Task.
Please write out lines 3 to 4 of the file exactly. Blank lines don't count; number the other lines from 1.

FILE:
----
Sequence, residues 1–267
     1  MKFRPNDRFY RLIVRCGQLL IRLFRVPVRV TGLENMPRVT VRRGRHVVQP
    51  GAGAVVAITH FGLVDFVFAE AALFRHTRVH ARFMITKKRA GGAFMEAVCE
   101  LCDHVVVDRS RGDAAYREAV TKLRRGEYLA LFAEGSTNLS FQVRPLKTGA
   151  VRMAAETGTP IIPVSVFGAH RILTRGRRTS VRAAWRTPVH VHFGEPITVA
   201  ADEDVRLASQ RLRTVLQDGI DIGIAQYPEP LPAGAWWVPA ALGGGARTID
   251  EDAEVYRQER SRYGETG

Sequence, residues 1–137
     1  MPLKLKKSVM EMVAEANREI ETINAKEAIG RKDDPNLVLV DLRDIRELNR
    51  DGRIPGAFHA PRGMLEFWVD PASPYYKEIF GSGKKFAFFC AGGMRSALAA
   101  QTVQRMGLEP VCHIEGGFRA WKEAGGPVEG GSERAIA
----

    51  GAGAVVAITH FGLVDFVFAE AALFRHTRVH ARFMITKKRA GGAFMEAVCE
   101  LCDHVVVDRS RGDAAYREAV TKLRRGEYLA LFAEGSTNLS FQVRPLKTGA